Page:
A Long, Long Way From Home

I stood on the uneven cobblestones of a Prague sidewalk, looked at the shut face of an ornately carved wooden door and began to cry. The vegetable market was closed. The market where, on my way to a lecture two days prior, I’d spied the first heads of fresh green lettuce I’d seen in the weeks since I’d arrived in the city. I’d resolved to return, to find my way back to that lettuce at a time when refrigeration was nearer to hand. But now—closed. I hurried back to the tram stop, wiping at my face, hoping bystanders would think my eyes were watering from squinting into the sunlight. A middle-aged man stared kindly in my direction. I glanced away, wondering how I’d ever explain in my few words of Czech that I was crying because the lettuce market was closed.

I love lettuce, I do. I’m infatuated with the endless varieties, their different colors, flavors, textures. I eat a meal of fresh salad every day when it’s in season. But of course I wasn’t crying over my lack of lettuce. No, though I’m ashamed to admit it, in this vast city whose history and culture I have barely begun to understand, I’m homesick. I miss sunrise over the oak in the eastern fencerow, the trickle of the spring in the woods behind my house, the fireflies rising out of the evening fields, the cool dark earth in my hands. The word “ungrounded” has come to life for me in a new way. Away from the ground I live on, live from, the earth that has become a part of my body as I have eaten plants grown from its soil for so many years, I hardly feel like myself.

I’ve been surprised at how much of this journey has been about food, how I’ve both sought out “traditional” Czech foods as a way of connecting to the new culture in which I find myself and felt a deep craving for more familiar foods as a means of self-comfort and connection to home. Musing upon the many roles food plays in my life, I came across an unusual cookbook in an English-language bookstore: “In Memory’s Kitchen: A Legacy from the Women of Terezin.” Terezin, a city not far from Prague, was transformed by Hitler in 1941 into the concentration camp Theresienstadt. According to the book’s foreword, 144,000 Jews were transported to Theresienstadt; 19,000 remained alive there at the war’s end. Many were moved to other camps like Auschwitz. Of those that remained in Theresienstadt, many died of malnutrition-related illnesses or starvation. The originator of this cookbook, Mina Pachter, was among them. Before her death, she carefully copied down her recipes and asked a friend to smuggle them out to her daughter, who had escaped to Palestine.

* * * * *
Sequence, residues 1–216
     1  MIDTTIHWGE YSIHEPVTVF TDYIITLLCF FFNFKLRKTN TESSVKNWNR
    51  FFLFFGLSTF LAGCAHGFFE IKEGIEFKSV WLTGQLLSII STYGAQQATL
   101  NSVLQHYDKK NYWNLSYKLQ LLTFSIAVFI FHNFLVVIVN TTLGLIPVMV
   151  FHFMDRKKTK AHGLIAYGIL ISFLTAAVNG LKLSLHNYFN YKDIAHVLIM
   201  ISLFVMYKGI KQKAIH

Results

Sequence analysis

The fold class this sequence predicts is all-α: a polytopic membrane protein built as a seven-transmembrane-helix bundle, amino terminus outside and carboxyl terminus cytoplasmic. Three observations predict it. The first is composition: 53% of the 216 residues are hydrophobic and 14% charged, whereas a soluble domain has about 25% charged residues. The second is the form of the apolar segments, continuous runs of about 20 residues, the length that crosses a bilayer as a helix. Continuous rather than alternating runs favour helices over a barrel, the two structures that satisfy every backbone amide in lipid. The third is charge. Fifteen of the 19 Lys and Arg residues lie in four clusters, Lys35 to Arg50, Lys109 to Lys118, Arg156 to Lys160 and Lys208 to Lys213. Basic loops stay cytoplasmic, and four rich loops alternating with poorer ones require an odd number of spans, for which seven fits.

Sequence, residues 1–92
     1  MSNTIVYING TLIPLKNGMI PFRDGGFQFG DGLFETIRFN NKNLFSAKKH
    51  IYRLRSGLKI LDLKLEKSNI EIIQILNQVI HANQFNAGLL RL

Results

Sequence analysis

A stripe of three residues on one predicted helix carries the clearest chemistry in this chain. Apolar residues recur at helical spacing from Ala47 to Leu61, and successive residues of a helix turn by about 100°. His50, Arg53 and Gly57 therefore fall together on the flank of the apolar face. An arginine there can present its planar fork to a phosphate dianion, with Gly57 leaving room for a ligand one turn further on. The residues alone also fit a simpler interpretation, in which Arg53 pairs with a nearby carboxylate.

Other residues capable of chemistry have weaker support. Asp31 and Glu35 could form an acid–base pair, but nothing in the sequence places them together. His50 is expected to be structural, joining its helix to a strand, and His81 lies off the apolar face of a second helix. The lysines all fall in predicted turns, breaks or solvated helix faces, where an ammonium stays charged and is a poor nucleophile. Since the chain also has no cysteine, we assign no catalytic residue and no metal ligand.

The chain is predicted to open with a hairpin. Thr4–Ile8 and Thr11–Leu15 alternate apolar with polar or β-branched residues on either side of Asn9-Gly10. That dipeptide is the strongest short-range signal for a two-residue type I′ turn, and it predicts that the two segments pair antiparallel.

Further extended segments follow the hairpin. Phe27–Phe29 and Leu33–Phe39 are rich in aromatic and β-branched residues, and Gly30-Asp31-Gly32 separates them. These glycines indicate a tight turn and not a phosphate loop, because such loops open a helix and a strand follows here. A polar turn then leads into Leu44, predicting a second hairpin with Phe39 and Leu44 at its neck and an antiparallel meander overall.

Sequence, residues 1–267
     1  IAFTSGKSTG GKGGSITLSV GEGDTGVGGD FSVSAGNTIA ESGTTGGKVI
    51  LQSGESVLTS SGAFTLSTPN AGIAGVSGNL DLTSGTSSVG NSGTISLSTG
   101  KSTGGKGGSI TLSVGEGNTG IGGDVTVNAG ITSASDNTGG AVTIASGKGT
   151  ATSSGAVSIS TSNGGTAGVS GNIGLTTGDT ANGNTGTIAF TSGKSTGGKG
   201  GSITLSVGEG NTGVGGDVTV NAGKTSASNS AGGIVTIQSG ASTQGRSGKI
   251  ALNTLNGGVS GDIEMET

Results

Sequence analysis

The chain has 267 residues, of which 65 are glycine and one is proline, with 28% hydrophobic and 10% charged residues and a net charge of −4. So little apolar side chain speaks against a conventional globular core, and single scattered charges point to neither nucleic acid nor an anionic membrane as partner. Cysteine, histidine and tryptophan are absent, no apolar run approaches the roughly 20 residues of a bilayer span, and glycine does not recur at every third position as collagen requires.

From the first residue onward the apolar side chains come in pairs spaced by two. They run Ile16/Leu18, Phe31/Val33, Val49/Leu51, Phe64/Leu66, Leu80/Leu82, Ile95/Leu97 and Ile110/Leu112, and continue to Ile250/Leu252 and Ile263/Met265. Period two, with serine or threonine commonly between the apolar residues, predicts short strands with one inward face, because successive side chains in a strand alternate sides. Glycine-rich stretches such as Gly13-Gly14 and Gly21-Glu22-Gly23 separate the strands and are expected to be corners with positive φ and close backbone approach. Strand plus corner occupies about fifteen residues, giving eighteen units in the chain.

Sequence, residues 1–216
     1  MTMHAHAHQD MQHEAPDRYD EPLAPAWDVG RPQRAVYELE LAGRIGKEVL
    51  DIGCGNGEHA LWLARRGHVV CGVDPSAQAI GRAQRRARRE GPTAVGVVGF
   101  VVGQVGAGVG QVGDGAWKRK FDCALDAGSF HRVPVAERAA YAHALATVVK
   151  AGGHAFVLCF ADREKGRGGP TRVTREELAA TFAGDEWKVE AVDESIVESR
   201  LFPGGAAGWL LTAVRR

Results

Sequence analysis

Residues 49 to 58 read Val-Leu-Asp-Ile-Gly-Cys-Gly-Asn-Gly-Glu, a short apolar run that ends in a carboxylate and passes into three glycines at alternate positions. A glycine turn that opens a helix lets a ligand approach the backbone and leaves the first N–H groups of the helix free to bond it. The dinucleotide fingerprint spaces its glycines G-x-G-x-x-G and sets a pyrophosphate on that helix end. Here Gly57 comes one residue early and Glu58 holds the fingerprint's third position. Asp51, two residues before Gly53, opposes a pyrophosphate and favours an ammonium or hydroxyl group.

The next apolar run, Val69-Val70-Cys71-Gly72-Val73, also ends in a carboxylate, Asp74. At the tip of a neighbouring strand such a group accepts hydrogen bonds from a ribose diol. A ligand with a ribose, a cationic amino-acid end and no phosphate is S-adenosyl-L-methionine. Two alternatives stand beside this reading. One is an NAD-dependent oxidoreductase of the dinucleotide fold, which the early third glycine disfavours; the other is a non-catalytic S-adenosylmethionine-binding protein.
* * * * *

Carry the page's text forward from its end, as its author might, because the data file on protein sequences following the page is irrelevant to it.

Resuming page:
The image of Mina Pachter starving as she wrote down recipes she knew she would never again make in the vague hope that they would somehow reach her daughter haunts me. Of the many sights, sounds, and ideas I’ll bring home from this journey, this is one of the primary. I’ll return with a new appreciation for my food culture, a new awareness of the role food plays in my emotional life, and a resolution to think of Mina and savor each bite.

Mina with her grandson before the war

Mina with her grandson before the war

Mina's Healthcake

Mina's Healthcake


About Harvest of Joy Farm LLC

At Harvest of Joy Farm LLC we seek to develop, practice, and share farming systems that mirror the resilience, diversity, and self-sufficiency of a healthy biotic community.
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6 Responses to A Long, Long Way From Home

  1. Dalee Camp says:

    Oh Amy, your writing is so beautiful. I was right there with you, heart aching because the lettuce stand was closed just when you needed that simple thing to make you feel connected to home. I’m sending my root energy to you straight through the earth so that you may feel a little more grounded and connected to home. Don’t be surprised though as you leave Prague if you leave a root of your own connecting you forever to the city of one hundred spires.

    • Thanks Dalee! I have made a few food-connections while I’m here. I will never think of Brie as something simply bland and creamy again, I have new respect for the brewery skills of the Belgian Trappists, and I fear that I may from now on forever find disappointment in American cappuchino. And spaetzle! Why on earth do we not eat spaetzle in the States?

      • Seth Knox says:

        Ah, Spätzle–that is Ulm’s second most famous export (the first would have to be Albert Einstein). You can have some Spätzle when you visit us in Adrian–we make a version with Quark (crème fraîche), mushrooms, and herbs … it’s one of our favorite dishes.

      • Mmmm, I’ll take you up on that. The dish I had was with spinach and blue cheese. So yummy! And surprisingly light.

  2. eKathy says:

    I thought I was making kale chips when I made lettuce chips a few weeks ago. They still tasted good even if they were not the consistency of a good kale chip. Sounds like quite a trip. Can’t wait to hear more.

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